y = ((A - D) / (1+ ((x/C)^B))) + D
Where y is the response, D is the response at infinite analyte concentration, A is the response at zero analyte concentration, x is the analyte concentration, C is the inflection point (EC50/IC50), and B is the slope factor. The response increases with concentration if A
However, some immuno- and bio-assay data are not symmetrical and need additional flexibility. In those situations, the 5P model may work better as it allows asymmetrical data fitting by adding another parameter, G (Figure 2). The general equation is as follows:
y = ((A - D) / (1 + ((x/C)^B)) ^G) + D
The asymmetry parameter permits each half of the curve to be different. However, when the asymmetry is small, it is advised to use the 4P curve fit model especially if Parallel Line Analysis (PLA) is used in the assay.
Choosing the best curve fit
The overall goodness of the curve fit, particularly the standard curve, should be assessed to obtain accurate and precise data. It is important to run several experiments during the evaluation of a curve fit model as it is difficult to distinguish poor performance from the assay noise in a single run. The R2 value is generally a good representation of the goodness of the fit. An R2 value is considered a very good fit when it is above 0.99. However, the R2 value can be misleading particularly when the standard deviation varies with sample concentration3. Ideally, the standard deviation should be the same at all sample concentrations (homoscedastic data); however, it is not always the case and the standard deviation generally increases with the sample concentration (heteroscedastic data). Methods developed to normalize the data include the Sum of Square Errors (SSE) using the F statistic and the Akaike’s Information Criterion (AIC) methods. Both methods are very similar as they are an assessment of the error between the obtained and the predicted (from the curve fit model of choice) values.
The SSE method is also called the summed square of residuals method as it uses residuals and residual plots (residuals vs. concentration). The residuals are the differences between the response y and the predicted response ŷ obtained from the curve fit model of choice at each concentration4: Residual = data – fit = y – ŷ. Residuals represent the random errors. Therefore, when the curve fit model of choice is correct for the data, residuals should appear randomly scattered around the zero line on the residual plot (Figure 3A). If the residuals display a systematic pattern on the residuals plot (Figure 3B), then it is a clear sign that the model fits the data poorly.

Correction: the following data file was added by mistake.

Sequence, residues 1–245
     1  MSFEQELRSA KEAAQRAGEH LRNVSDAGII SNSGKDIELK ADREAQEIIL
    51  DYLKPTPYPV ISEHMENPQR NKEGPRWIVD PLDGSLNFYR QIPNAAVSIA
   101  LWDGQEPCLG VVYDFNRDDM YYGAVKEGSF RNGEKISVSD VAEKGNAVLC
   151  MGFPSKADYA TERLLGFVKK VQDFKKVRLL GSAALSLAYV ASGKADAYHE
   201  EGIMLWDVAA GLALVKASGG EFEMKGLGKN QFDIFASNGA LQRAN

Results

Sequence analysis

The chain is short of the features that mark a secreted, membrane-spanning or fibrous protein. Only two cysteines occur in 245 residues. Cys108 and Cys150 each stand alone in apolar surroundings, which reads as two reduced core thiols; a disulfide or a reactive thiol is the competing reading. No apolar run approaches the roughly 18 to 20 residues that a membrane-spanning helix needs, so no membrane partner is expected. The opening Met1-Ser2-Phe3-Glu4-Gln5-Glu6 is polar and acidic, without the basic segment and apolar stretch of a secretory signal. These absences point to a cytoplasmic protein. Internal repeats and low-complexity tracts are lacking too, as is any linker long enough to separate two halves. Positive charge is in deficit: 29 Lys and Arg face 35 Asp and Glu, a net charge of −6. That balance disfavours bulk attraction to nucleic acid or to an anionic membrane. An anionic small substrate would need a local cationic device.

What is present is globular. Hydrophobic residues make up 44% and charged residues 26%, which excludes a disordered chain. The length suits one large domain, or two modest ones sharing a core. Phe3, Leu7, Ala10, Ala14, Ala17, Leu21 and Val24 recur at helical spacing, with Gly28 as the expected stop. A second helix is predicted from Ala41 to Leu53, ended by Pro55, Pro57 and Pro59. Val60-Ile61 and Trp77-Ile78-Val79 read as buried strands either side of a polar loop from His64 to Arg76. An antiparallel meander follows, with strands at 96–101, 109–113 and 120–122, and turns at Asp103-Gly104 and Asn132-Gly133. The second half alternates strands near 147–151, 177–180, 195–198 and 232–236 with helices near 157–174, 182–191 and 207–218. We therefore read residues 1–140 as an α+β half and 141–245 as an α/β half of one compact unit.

The SSE is obtained using the following formula:
Minimizing the SSE provides a maximum likelihood estimate of the model parameters based on the assumption that data errors are independent and normally distributed. The best curve fit is the one whose parameters generate the smallest SSE. If both models fit the data sensibly, the plot that gives the smallest SSE is the best one to use.
When the two models are nested and one is the special case of the other, e.g. 4P is a special case of a 5P where G=1, the model with the more detailed equation (more parameters) is guaranteed to have a SSE less than or equal to the other model. This is because the model with more parameters will allow more inflection points to fit the data4. Therefore, some additional statistical calculations, F test and F probability, are needed to determine which model best fits the data. The F probability uses the F test and the degrees of freedom associated with the curve fit model to assess if the decrease in SSE occurred by chance. Typically, a probability below 0.05 (equivalent to 95 % confidence) is used as the threshold and means that the model with the most detailed equation is a better representation of the data.